1 x 2-hour seminar once-only
1 x 10-hour independent study weekly
1 x 2-hour on-line exercises weekly
1 x 2-hour on-line lecture weekly
5 x 1-hour on-line tutorials per semester
^ = may be enrolled concurrently
1 Admission into BHA-Bachelor of Healthy Ageing
2 ^ AGES1001 - Foundation Skills in Ageing Studies
3 Admission into other Bachelor degrees
Must Satisfy: ((1 and 2) or (3))
Assignment(s); Tutorial participation.
Topic description
In contrast to the longstanding stereotype of later life as a time of retirement from paid work to fade into a non-productive stage of life, elders in all societies continue to make an ongoing contribution. In the 21st century it is increasingly important to recognise age as an asset and to understand that through productive ageing, elders can maintain social roles and generate societal benefits. Students will explore three levels of productive ageing: individual (eg lifelong learning), interpersonal (social / family participation) and societal (paid / volunteer work, civic engagement). In this topic students will also develop skills to work in partnership with older people and learn how to apply knowledge and skills to promote older adults’ capabilities, potential, social and economic contributions.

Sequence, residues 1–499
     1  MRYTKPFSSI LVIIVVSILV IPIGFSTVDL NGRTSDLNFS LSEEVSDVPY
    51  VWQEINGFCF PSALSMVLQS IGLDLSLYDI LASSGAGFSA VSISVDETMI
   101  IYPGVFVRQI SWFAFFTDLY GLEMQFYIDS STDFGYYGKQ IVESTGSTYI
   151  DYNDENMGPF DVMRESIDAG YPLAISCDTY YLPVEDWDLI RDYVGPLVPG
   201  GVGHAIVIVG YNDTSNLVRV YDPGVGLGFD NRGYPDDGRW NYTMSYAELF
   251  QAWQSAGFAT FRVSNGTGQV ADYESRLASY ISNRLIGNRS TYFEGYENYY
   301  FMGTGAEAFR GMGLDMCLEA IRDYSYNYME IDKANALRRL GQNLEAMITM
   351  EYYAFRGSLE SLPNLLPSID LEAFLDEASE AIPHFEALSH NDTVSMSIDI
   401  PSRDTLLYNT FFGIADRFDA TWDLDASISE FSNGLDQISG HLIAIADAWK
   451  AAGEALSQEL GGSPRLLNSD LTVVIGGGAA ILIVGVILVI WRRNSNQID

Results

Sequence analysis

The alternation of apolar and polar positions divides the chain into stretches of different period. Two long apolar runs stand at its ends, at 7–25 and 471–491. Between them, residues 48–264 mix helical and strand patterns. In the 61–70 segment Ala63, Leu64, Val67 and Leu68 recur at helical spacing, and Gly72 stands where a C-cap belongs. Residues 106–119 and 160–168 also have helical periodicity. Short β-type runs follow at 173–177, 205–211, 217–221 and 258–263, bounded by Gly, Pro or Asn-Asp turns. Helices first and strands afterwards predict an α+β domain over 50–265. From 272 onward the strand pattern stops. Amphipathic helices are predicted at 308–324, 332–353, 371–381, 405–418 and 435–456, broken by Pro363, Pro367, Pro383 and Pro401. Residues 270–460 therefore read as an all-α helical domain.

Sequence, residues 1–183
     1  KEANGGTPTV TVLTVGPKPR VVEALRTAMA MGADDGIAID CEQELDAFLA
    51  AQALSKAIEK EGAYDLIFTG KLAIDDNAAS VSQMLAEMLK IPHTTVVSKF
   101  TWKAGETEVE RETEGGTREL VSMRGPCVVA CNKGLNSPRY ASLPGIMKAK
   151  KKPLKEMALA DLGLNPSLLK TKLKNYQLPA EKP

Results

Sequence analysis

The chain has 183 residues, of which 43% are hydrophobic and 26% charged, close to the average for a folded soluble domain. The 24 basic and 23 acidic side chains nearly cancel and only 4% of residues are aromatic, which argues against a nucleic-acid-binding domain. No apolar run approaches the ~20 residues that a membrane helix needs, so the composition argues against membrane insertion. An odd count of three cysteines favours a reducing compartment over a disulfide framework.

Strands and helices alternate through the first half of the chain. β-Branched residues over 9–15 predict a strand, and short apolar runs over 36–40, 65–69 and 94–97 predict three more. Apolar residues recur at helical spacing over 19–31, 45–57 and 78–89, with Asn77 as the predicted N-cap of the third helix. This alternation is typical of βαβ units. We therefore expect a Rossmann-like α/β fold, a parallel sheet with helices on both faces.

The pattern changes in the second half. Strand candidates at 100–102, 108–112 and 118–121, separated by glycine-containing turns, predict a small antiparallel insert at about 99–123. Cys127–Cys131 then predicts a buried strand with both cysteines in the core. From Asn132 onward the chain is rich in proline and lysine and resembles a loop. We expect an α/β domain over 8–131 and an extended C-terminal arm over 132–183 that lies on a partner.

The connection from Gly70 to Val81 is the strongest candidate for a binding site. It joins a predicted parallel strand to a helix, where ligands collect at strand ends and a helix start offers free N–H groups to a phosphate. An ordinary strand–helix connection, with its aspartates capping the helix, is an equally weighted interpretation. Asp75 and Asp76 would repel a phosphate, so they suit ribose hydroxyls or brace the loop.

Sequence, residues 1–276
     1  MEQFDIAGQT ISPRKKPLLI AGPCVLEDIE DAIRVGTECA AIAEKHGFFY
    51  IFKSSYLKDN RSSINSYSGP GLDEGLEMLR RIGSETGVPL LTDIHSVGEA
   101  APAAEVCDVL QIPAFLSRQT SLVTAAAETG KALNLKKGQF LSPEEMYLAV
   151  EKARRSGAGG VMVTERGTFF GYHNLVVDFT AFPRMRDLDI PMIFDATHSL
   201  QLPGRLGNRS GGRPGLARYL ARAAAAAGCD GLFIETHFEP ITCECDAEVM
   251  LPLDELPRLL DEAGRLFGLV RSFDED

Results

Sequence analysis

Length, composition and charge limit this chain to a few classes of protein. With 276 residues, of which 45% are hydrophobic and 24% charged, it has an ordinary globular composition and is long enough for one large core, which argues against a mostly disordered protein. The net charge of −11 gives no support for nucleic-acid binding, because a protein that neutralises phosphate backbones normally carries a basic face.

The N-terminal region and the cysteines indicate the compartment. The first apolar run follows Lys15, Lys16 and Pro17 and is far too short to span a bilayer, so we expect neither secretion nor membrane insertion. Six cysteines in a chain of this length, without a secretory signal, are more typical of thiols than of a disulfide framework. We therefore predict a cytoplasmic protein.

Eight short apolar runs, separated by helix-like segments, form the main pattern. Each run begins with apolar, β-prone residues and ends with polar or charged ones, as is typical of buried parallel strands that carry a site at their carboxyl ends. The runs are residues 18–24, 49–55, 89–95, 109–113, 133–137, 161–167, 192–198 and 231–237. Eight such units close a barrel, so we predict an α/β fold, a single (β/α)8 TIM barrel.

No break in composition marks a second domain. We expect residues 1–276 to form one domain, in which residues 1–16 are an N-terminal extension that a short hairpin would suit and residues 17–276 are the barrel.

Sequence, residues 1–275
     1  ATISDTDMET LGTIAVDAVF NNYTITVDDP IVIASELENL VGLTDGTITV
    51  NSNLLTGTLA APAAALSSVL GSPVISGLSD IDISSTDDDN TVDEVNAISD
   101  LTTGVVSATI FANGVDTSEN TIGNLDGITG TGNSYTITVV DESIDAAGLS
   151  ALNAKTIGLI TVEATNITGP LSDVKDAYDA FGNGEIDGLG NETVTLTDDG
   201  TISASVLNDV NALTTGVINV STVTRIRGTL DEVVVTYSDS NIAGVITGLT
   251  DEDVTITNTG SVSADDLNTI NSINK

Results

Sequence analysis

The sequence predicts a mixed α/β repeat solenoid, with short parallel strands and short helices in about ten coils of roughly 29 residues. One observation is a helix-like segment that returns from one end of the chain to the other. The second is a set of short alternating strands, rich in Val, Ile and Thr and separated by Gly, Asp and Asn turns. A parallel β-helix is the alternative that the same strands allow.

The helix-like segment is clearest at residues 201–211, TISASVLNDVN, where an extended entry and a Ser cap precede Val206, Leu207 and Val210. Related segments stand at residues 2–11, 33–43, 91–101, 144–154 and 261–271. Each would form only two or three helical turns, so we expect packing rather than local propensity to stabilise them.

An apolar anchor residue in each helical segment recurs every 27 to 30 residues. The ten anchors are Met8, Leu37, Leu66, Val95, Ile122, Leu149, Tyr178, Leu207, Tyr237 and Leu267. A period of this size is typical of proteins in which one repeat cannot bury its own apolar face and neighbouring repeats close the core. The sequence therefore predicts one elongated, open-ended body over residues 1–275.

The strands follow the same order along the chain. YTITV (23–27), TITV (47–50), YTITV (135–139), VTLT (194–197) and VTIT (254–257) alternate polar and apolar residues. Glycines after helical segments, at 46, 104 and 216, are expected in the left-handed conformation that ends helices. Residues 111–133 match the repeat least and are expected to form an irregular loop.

Educational aims
The aim of this topic is to challenge the myths about successful ageing and productivity in later life and identify ways in which opportunities for older people to engage in productive activity across individual, interpersonal and societal levels. In doing so, students will develop skills in supporting older people to continue in lifelong roles as well as take on new roles and activities that generate positive outcomes for themselves, their families and social networks, for the communities in which they live and broader society.
Expected learning outcomes
On completion of this topic students will be expected to be able to;

  • Define, discuss and distinguish between productive, successful and active ageing models

  • Identify productive activity in later life across individual, interpersonal and societal levels and social, civic and community group engagement

  • Apply critical thinking to key perspectives and research evidence in relation to productive ageing;

  • Assess barriers to the engagement of older people in social, civic and community group activity

  • Demonstrate skills necessary to take a culturally responsive approach to work in partnership with older people to create opportunities and enhance their engagement preferences and support participation.